Mr. Stetson has high hopes for American art in the future. So have we. But he seems to dread every foreign influence (except that of South Kensington drawing methods), as threatening our originality. In this he, as well us Professor Langl, errs. All art is transmitted, and combined or developed from different sources. It is merely the impulse toward art which is indigenous. Imitation is natural, at the start; and a course of earnest imitation would be far more beneficial in its results than the mental attitude which shuts our eyes to the beauty and strength of finished artistic work around us. while fixing them on geometric outlines and dreaming of a glorious future for national art. To balance these we shall have to urge an “art of art,” If we are not run away with by “ art science,” and if at the Centennial Show, next year, a modest and patient effort be made to ascertain our true position in the field of industrial art, as well as the defects in our systems of training, we may yet date great advances in the arts from the hundredth anniversary of the nation’s birth. A century is but a small space of time in the history of art, and we can well afford to wait for results. There is already, we think, ample proof of a strong artistic bias in American character; and if the right course he pursued, this native instinct, backed by the resources of our vast country, is capable of bringing us into that leading position which Herr Langl thinks England unqualified for.

— Miss Mary Hallock’s illustrations for The Hanging of the Crane and Mabel Martin have won her a reputation which is not without, solid foundation. Fresh proof of this may be found in a small collection of her pencil-drawings, various in size and scope, now in the possession of Mr. A. V. S. Anthony, at Messrs. J. R. Osgood and Company’s, in Boston. Nothing could show more decidedly the impress of afresh and sincere contact with nature, than these studies, which treat landscape and figure alike with an accuracy, a spiritedness, and a shaping skill which would be remarkable anywhere, and are especially rare in America. Miss Hallock, of course, has her limitations, and the most decided one is that which confines her greatest successes to feminine figures. These she renders with the most absolute charm. There is one drawing in this group which represents a girl spinning in a dark chamber, which is very bold in its light and shade, its indestructible reality ; but those two are more graceful in one of which a lady is shown seated at an old-fashioned desk, writing, and has just turned as if to greet some one who has entered the room, while in the other a buxom young woman is taking a lesson in pie-baking, at one of those mysterious old brick ovens with which our fathers prepared themselves for adequate thanksgiving. The earnestness and absorbed truth-telling manifest in these pieces remind us once more that the real and enduring aim of graphic art is plainly to crown with a sort of primitive surprise the commonest scenes and incidents, and that this can best be reached by the most unaffected simplicity of regard. It is this direct look at things, and this confidence that the simple objects contain all that is desirable, if one can only see it and relate it, which give Miss Hallock’s pieces their fascination. One of her groups of boys here is excellent, quite on a par with her women ; and the large and elaborate skating-scene is extremely vigorous and well composed. There is also a great deal of notable truth in the glimpse of shad-fishermen on the Hudson, waiting for the tide to turn ; their positive intention of reposing themselves unlimitedly is very happily conveyed. For pure landscape, one must look to the view of a rough stone bridge in a dense little grove of bare trees, through whose tops a low hill curves its outline. The springiness of the wood, the multiplicity of its fine ramage, is a marvel of correctness and sympathy ; and the general gray effect of the scene serves to emphasize that remarkable choice and management of color which appear in all the drawings. But our most emphatic approval must go to the large study of a negro girl sitting by a roofed well in an apple orchard. Not only is this a masterly drawing, in every particular, from the solid and well-detailed figure to the apple-tree growth and texture, and the subordinate softness of the grass, but it is also possessed by a very strong and pathetic sentiment, in the resting attitude and the patient yet hopeless longing of the face is concentrated the whole history of the sorrow of an unfortunate race. We have seen nothing from Miss Hallock, in any form, which could give so much hope of her winning triumphs in the larger zone of imagination and emotion. But a more general satisfaction is derivable from these finished and excellent studies, namely, that of seeing one artist, at least, pursuing the course of investing her genius in a permanent stock of faithful knowledge added to brilliant execution, while the majority of even our professed painters are neglecting the unseen sources of power by slurring over the art of drawing with such disastrous indifference.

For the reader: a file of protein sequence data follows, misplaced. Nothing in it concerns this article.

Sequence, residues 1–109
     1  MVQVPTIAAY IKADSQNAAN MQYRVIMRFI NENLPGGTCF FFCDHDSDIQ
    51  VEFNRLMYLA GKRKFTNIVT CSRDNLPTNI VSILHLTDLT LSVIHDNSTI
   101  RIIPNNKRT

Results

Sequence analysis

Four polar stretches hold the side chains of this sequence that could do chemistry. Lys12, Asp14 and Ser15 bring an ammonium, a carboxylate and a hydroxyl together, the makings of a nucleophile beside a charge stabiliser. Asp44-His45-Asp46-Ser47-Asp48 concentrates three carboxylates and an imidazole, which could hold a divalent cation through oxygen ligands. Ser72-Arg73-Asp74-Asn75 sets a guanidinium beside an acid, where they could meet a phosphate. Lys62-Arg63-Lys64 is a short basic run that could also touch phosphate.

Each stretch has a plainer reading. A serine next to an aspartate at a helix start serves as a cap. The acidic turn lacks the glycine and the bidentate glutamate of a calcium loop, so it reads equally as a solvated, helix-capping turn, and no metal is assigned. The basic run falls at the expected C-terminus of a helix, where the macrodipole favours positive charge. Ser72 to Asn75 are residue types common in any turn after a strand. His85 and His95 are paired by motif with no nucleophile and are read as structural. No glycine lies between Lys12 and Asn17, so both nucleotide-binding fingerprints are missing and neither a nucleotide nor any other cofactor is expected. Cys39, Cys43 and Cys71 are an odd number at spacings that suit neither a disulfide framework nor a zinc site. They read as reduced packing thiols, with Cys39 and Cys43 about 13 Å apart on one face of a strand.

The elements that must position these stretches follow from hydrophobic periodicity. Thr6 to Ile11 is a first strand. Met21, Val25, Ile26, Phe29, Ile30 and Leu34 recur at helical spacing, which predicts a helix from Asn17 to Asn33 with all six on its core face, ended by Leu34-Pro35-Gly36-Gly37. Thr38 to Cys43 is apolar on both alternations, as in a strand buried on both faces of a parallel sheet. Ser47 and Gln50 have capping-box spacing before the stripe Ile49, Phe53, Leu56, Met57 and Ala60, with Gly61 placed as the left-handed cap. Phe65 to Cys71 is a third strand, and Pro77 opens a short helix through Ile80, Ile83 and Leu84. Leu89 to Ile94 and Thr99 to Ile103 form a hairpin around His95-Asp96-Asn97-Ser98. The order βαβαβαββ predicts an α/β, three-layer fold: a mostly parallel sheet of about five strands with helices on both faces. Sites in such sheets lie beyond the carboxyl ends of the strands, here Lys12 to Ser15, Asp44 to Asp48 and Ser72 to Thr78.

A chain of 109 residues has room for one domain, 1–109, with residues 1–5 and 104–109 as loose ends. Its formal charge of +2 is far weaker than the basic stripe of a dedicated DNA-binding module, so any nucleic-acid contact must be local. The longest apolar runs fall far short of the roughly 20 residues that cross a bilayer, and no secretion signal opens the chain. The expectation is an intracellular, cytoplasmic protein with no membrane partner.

1. Modern Art Education : its Practical and Æsthetic Character educationally considered. By PROFESSOR JOSEPH LANGL. Being part of the Austrian Official Report on the Vienna World’s Fair of 1873. Translated with notes by S. R. KOEHLER. With an introduction by CHARLES B. STETSON. Boston : L Prang & Company. 1875.